The Program for Jewish Genetic Health, a joint initiative of Yeshiva University and the Albert Einstein College of Medicine, recently launched a new online educational resource called the GeneSights Jewish Genetics Online Educational Series, to educate people about the various genetic health conditions that affect the Jewish community. The website, www.genesights.com, is free to registered members, who will receive email updates when new lessons or additional content is added.
“Advances in scientific research have identified many genetic diseases and conditions that are commonly found among Jews,” said Dr. Nicole Schreiber-Agus, scientific and programming director for the Program for Jewish Genetic Health. “In addition, advances in technology, and genetic testing in general, continue to impact routine health care. GeneSights is designed to provide the Jewish community with easy access to user-friendly information and a better grasp of the field of genetics and its associated opportunities and limitations.”
GeneSights consists of individual lessons with topics including diseases, medical conditions, genetic technologies and bioethical issues. The site already includes lessons on:
Hereditary breast and ovarian cancer, more specifically, the BRCA1 and BRCA2 genes. Mutations in these genes are responsible for the vast majority of hereditary forms of breast and ovarian cancer and are found in approximately 1 in 40 Ashkenazi Jewish men and women
Crohn’s disease and ulcerative colitis (inflammatory bowel disease), which is significantly more prevalent in Ashkenazi Jews than amongst the general population.
Pre-conception screening for Tay-Sachs disease and other Jewish genetic diseases that can affect offspring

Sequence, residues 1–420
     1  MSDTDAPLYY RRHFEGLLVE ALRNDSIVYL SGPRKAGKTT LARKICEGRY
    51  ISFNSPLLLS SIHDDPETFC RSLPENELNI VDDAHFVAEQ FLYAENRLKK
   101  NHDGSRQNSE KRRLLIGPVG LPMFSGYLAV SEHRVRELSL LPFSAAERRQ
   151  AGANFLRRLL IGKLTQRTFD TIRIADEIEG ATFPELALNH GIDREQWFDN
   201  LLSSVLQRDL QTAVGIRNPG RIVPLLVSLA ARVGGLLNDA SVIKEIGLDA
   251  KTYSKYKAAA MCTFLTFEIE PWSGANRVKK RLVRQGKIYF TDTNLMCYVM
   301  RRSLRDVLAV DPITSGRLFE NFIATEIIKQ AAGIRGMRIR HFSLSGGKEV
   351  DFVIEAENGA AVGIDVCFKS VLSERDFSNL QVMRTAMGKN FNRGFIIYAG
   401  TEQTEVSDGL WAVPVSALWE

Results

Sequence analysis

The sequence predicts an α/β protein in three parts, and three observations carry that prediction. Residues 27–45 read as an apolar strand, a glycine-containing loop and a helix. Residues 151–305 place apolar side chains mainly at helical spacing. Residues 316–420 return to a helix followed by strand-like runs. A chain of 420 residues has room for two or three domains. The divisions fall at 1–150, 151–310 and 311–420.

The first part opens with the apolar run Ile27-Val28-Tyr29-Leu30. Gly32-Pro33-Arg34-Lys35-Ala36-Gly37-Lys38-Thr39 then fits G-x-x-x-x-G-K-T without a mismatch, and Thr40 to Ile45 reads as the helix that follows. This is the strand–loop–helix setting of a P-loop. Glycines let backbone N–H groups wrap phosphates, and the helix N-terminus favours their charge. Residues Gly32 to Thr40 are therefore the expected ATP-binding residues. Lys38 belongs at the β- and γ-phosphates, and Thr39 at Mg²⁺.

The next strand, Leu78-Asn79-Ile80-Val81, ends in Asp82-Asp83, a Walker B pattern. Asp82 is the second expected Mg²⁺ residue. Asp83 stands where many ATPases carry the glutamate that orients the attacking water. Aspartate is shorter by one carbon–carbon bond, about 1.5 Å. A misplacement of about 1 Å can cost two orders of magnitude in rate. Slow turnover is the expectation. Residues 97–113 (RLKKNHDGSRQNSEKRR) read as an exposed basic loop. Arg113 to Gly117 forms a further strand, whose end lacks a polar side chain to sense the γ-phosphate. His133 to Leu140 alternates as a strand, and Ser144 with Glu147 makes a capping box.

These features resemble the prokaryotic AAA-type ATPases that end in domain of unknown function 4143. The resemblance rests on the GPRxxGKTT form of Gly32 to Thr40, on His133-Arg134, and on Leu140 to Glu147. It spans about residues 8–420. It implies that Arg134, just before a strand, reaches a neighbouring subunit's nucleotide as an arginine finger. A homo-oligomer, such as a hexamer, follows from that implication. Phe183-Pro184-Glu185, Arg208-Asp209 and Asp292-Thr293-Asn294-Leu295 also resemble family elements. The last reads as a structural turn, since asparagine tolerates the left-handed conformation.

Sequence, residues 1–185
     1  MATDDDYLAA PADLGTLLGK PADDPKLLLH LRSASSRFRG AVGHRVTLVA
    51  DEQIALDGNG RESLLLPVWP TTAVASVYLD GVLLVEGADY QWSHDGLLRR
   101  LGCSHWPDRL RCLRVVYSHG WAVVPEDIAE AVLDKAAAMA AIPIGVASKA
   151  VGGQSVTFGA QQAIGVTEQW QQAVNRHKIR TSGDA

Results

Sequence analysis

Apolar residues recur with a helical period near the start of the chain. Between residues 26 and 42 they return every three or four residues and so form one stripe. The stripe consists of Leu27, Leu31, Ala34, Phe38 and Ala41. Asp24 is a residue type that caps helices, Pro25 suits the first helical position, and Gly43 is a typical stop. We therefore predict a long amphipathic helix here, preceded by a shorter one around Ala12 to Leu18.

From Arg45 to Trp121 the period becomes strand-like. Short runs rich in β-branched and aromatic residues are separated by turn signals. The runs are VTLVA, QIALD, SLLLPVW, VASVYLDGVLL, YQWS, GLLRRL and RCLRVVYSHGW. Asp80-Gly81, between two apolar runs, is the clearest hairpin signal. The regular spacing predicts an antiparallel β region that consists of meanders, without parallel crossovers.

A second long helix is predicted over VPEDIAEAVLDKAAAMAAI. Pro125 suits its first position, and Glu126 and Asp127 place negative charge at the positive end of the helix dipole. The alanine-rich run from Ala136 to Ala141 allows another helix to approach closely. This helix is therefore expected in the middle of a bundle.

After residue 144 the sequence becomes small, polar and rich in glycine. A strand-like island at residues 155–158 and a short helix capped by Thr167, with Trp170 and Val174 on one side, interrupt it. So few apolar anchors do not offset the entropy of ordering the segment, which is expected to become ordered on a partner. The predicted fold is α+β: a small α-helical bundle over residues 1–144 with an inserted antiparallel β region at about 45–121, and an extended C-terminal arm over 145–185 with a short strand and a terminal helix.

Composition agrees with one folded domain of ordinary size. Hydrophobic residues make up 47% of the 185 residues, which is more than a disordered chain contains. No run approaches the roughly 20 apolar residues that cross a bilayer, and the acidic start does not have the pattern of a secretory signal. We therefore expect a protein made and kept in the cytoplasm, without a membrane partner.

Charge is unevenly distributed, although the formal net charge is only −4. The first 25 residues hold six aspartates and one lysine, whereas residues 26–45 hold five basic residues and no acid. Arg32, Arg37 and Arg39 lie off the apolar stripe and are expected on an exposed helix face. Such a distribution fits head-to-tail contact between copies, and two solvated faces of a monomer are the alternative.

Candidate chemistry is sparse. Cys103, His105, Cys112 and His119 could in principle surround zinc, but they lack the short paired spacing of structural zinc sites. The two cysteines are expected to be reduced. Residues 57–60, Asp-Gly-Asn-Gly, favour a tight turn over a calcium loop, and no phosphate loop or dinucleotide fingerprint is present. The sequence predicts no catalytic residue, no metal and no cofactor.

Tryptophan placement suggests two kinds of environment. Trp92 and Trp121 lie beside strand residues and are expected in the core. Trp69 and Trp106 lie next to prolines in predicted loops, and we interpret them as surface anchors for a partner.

Most lessons include a short public service announcement video, which gives a snapshot of the condition in question, from a patient’s perspective. Once registered, viewers can access a full-length webinar presented by an expert in the field, supplemental written materials to serve as practical next steps, and links to other resources and organizations dedicated to the specific subject. New lessons will appear on GeneSights approximately every two months. Future topics will include Parkinson’s disease, Pre-implantation Genetic Diagnosis (PGD), blood disorders and bone marrow transplants.
GeneSights also features a two-part “Genetics 101” webinar that provides a genetics overview to viewers who want a baseline lesson. On the technology front, GeneSights will explore PGD, a reproductive option for couples identified to be at increased risk for passing a genetic condition on to their offspring.
Seed funding for the GeneSights series was provided in part by UJA-Federation of New York and by a generous grant in honor of Beatrice Milberg. For more information, visit www.genesights.com.